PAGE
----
I’ve been watching reactions to Apple’s controversial decision to prohibit the publication of iPhone applications created in environments other than Apple’s own.
The policy has a number of implications, including the fact that iPhone apps are prevented from running any interpreted code. For example, Apple removed the iPhone Scratch player from the App Store, because it runs Scratch apps (a popular programming education tool for kids).
One victim of the change is Flash. Adobe had created a Flash exporter for iPhone, which now clearly violates the new terms. Adobe has since scrapped the exporter. After a flood of angry responses online, Steve Jobs penned his own response.
Faced with Apple’s decision, programmers have many choices. For example, Cocoa programmers will have to decide if Apple’s policies sit well with them. If not, they may have to choose another platform, one that won’t be programmable in Objective-C. Likewise, Flash developers who want to make software for iPhone will have to decide if they’re willing to move over to Cocoa, or if they want to opt for another mobile platform like Android.
No matter what one chooses, and no matterÂ how one reads Apple’s intentions, there’s something perhaps even more insidious going on among the programming public. Specifically, a large number of developers seem to think that they have the right to make software for the iPhone (or for anything else) in Flash, or in another high-level environment of their choosing. Literally, the right, not just the convenience or the opportunity. And many of them are quite churlish about the matter. (A few among many examples can be found in text and especially comments at 1, 2, 3, 4, 5, 6, 7, 8, 9, 10, 11)
This strikes me as a very strange sort of attitude to adopt. There’s no question that Flash is useful and popular, and it has a large and committed user base. There’s also no question that it’s often convenient to be able to program for different platforms using environments one already knows. And likewise, there’s a long history of creating OS stubs or wrappers or other sorts of gizmos to make it possible to run code “alien” to a platform in a fashion that makes it feel more native.
But what does it say about the state of programming practice writ large when so many developers believe that their “rights” are trampled because they cannot write programs for a particular device in a particular language? Or that their “freedom” as creators is squelched for the same reason?
I wonder if it doesn’t amount to an indictment of the state of computational literacy.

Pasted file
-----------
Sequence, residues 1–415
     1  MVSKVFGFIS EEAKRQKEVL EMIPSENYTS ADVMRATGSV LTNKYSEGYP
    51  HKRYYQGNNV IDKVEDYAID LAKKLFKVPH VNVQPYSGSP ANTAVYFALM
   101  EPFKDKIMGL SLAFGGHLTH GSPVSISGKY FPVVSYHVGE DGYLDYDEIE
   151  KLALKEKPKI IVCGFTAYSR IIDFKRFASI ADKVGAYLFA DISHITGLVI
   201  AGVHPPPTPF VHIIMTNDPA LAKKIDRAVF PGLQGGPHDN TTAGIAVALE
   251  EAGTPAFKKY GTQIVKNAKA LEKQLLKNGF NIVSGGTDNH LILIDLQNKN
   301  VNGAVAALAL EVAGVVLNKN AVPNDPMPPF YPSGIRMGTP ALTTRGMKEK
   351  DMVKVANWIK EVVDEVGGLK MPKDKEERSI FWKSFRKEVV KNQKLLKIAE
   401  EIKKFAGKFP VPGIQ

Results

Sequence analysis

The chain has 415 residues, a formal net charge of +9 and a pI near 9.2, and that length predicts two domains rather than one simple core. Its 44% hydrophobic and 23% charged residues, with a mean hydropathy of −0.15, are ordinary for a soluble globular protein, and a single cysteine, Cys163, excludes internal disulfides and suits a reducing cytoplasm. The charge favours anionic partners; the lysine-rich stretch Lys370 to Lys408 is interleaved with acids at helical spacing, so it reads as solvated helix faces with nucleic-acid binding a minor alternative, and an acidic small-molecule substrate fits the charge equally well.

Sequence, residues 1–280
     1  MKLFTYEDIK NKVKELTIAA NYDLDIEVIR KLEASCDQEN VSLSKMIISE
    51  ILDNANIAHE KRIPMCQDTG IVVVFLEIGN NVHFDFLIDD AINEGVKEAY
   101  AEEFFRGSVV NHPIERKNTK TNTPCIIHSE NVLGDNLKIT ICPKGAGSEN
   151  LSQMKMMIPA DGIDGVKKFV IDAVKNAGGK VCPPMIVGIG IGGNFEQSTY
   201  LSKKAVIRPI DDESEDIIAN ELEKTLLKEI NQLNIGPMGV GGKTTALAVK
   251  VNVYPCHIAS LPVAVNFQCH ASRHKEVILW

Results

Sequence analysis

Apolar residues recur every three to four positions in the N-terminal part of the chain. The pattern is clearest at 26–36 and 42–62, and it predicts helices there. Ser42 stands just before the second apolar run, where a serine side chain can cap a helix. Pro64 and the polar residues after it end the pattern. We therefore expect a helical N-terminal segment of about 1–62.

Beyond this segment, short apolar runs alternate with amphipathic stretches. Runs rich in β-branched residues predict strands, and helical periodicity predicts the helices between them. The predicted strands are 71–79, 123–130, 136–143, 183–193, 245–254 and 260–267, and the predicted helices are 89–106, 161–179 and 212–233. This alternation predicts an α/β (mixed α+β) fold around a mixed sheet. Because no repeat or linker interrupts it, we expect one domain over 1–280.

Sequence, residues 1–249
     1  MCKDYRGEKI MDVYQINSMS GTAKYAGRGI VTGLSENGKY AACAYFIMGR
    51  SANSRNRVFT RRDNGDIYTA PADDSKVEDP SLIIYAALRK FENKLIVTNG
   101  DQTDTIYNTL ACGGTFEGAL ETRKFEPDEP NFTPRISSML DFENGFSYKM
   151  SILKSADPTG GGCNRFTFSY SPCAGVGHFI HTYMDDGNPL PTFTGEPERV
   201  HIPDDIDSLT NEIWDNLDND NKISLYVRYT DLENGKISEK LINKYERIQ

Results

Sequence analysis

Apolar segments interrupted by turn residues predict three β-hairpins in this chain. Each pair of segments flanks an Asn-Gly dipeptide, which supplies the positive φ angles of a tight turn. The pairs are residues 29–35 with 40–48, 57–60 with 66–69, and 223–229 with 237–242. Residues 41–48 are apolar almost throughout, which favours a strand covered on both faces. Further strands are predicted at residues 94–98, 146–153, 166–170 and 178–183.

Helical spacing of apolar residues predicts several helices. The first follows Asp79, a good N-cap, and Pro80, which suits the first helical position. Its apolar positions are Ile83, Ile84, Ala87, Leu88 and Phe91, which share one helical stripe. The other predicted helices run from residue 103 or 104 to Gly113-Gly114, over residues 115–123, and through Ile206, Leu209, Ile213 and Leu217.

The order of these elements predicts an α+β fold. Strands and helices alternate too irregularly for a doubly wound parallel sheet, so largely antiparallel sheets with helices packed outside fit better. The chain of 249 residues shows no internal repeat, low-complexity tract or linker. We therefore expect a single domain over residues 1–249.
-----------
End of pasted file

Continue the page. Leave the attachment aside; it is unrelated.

There are lots of types of computer platforms. There are embedded systems that have to be programmed in low-level or machine languages. There are scripting environments that sit inside commercial productivity software. And there are many in between. Part of understanding computation is understanding the differences between platforms—what makes them unique and how to consider and exploit those uniquenesses. Such is part of the goal of the platform studies project (see, for example, my and Nick Montfort’s book on the Atari, Racing the Beam).
When I teach Introduction to Computational Media at Georgia Tech, I purposely force my students to work with a large variety of platforms. Some of them are familiar, like Java. Others are less familiar, like Inform or AIML. Some are downright unusual, like the Atari VCS. And others still are just plain absurd, like the esoteric programming language Chef.
I do this to force them to touch multiple platforms, each of which requires a different way of thinking about computational creativity. Inform, for example, inspires a different sort of work (interactive fiction) than does Processing (generative, abstract visual art).
I worry that we’re losing a sense of diversity in computation. This seems to be happening at both the formal and informal levels. Georgia Tech’s computer science bachelor’s degree doesn’t require a language survey class, for example (although one is offered as an elective). This year in the Computational Media curriculum committee, we’ve been discussing the idea of creating a history of programming languages course as a partial salve, one that would explain how and why a number of different languages and environments evolved. Such a course would explicitly focus on how to learn new languages and environments, since that process is not always obvious. It’s a wonderful and liberating feeling to become familiar with and then master different environments, and everyone truly interested in computing should experience that joy.
I am not suggesting that Flash developers are lazy or stupid. But I do think that the reaction Apple’s iPhone terms have inspired should tell us something about our collective attitude toward creating things with computers. And not something good.
The computational ecosystem is burgeoning. We have more platforms today than ever before, from mobile devices to microcomputers to game consoles to specialized embedded systems. Yet, a prevailing attitude about making computational creativity longs for uniformity: game engines that target multiple platforms to produce the same plain-vanilla experience, authoring tools that export to every popular device at the lowest common denominator; and, of course, the tyranny of the web, where everything that once worked well on a particular platform is remade to work poorly everywhere.
It is a kind of computational extirpation, where everything unique is crippled or cleansed in order to service a perverted belief in universality. I consider it a kind of jingoism, and I hope we can outgrow or destroy it.